The Cherubs’ Embrace

Two cherubs of gold stood on either end of the Kappores covering the Ark of the Covenant. Our Sages1 relate that when the Jewish people followed G‑d’s will, the cherubs faced each other, embracing like lovers; when the Jewish people were rebellious, the cherubs would avert their gaze and face opposite walls.

During the celebration of the pilgrimage festivals in Jerusalem, the Kohanim would unveil the Holy of Holies and show the people the cherubs’ embrace. “See the great love G‑d has for you,” they would declare, “a love like that between a man and a woman.”2

The cherubs of the Holy of Holies also figure in the nar­rative of the destruction of the Beis HaMikdash. Our Sages3 relate that when the gentile invaders entered the Holy of Holies, they saw the cherubs embracing. They brought them out to the marketplace and displayed them, exclaiming, “How could Israel worship these?”

As we know, during the destruction of the Beis HaMik­dash G‑d “poured out His wrath like fire; G‑d was like an en­emy.”4 Why, then, were the cherubs intertwined in love at this time of apparent anger?5 If their configuration reflected the fluctuating relationship between G‑d and Israel, what could their embrace mean at a time when “He cut down, in fierce anger, the pride of Israel?”6

G‑d’s Only Son

These questions should be examined in the more com­prehensive light of our relationship with G‑d. From the pro­phetic perspective and in the commentaries of the Sages, exile appears to be a punishment, an expression of G‑d’s wrath at Israel’s misdeeds. This view, however, reflects only one di­mension of the bond between G‑d and Israel.

At this level, the bond is dependent upon Israel’s conduct. If Israel is meritorious, she will be rewarded; if she sins, she will be punished. Beyond this connection, however, there is a deeper bond, a level at which Israel are “children unto the L‑rd your G‑d.”7 The Baal Shem Tov intensifies the child-parent metaphor:8 G‑d cherishes every Jew with the love of a parent for an only child who is born to him in his old age.

A father does not love his son only because the son is virtuous or obedient; most fundamentally, he loves him — unconditionally and unwaveringly — because he is his son. With or without redeeming qualities, his father loves him.

G‑d loves Israel in the same way. No matter what our conduct, we are His children. Therefore, even when G‑d ap­pears to be displeased with us, His love for us is revealed in the Holy of Holies, at the inner core of the Sanctuary.

Continuing with the child-parent metaphor, we can even understand G‑d’s wrath as an expression of love. It is writ­ten,9 “He who withholds the rod, hates his son,” implying that when a parent punishes a child he is in fact manifesting his love. In fact, defying one’s natural impulse to excuse mis­conduct, and instead rebuking a cherished child, demon­strates a deep and selfless commitment on the part of the par­ent.

From this perspective, though exile is obviously a descent from the majestic state to which Israel had been accustomed, we can understand that the force motivating this exile is love. In a subtle manner, which only His ultimate wisdom can fully comprehend, G‑d guides the course of His son’s development.

Descent for the Purpose of Ascent

In light of this, exile appears to be a temporary means to a positive end. Our Sages teach10 that a descent for the purpose of ascent cannot be branded a descent. By the same token, since G‑d’s purpose in exiling his people is to elevate them to a higher rung, the hardships endured are eclipsed by their ultimate goal.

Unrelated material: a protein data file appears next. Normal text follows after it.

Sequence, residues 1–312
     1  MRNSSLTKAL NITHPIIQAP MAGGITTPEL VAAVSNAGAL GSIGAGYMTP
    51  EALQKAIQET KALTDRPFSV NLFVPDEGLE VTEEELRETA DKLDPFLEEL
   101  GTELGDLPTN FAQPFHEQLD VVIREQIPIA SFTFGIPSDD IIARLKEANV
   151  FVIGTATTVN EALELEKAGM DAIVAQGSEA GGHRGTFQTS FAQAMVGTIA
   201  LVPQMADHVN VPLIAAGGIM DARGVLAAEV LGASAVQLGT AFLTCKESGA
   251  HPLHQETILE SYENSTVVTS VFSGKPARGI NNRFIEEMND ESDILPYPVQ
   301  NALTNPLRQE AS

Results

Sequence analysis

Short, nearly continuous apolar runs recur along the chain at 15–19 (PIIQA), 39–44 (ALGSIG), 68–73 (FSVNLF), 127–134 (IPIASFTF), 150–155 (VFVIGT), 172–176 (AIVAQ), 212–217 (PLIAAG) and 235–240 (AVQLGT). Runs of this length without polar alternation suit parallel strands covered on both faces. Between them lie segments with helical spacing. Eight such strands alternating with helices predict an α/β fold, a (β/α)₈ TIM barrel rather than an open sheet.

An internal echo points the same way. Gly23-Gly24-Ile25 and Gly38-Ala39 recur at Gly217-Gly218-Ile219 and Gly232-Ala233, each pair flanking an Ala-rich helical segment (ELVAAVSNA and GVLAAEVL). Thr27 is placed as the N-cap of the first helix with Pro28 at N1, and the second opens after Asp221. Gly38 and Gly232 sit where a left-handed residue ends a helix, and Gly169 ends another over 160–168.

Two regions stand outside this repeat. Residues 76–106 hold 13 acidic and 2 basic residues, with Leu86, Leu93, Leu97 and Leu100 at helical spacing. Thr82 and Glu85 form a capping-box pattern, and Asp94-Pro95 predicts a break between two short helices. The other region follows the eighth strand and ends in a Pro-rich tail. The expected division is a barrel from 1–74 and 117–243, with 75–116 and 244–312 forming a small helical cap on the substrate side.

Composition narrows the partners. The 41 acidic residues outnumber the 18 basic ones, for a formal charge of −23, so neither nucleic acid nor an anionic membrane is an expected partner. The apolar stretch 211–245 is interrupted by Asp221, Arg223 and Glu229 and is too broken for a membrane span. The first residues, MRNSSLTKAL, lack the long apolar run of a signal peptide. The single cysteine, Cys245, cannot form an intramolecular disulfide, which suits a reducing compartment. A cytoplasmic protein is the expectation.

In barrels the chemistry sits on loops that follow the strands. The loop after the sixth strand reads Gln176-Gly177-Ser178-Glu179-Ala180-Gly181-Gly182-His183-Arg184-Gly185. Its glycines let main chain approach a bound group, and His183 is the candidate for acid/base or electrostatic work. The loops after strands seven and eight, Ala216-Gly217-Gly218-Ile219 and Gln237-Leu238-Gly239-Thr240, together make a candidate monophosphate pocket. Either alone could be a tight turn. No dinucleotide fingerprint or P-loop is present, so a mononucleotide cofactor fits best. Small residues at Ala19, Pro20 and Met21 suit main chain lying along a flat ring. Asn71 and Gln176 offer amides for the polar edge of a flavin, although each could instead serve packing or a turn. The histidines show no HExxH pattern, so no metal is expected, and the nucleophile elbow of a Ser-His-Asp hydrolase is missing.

In this spirit, our Sages11 teach that Mashiach was born on the very day the Beis HaMikdash was destroyed; i.e., the destruction of the Beis HaMikdash sparked the process of prepa­ration for the Era of Redemption. Concealed beneath the fall of the Jewish people is G‑d’s desire to bring Mashiach, and to elevate both Israel and the world to a state of ultimate fulfillment.

Stripping Away the Husk

Our Sages12 compare the process of exile to the sowing of seeds; as the prophet says,13 “I will sow [Israel] unto Me in the earth.” When harvested, the produce that grows from seeds greatly exceeds the quantity initially sown; this increase reflects the long-range gains of exile, as explained above.

For this growth to take place, the exterior husk of a seed must utterly decompose. Only then, can its kernel flourish into a flowering plant. In a similar way, the destruction of the Beis HaMikdash and our people’s exile were intended to strip away all superficiality and allow the Jewish people to blossom into fulfillment in the Era of Redemption.

A Holiday of Redemption

In light of this, we can understand the inner dimension of a halachic observation of our Rabbis,14 that Tishah BeAv always falls on the same day of the week as the first day of Pesach. This calendric correspondence reflects an intrinsic tie: both days are associated with redemption.

Pesach marks the redemption from Egypt, and Tishah BeAv anticipates the ultimate Redemption. Every year, in fact, Tishah BeAv generates a renewed impetus for the coming of the Redemption.15

At no point in our national history has the redemptive as­pect of Tishah BeAv been as relevant as it is today, for we are at the threshold of the Redemption and, indeed, in the proc­ess of crossing that threshold.16 May we merit the completion of this process and the coming of the era when “all the [commemorative] fasts will be nullified... and indeed, will be transformed into festivals and days of rejoicing.”17 May this take place speedily, in our days.

Adapted from Likkutei Sichos, Vol. II, p. 360 ff.; Vol. XVIII, p. 310 ff.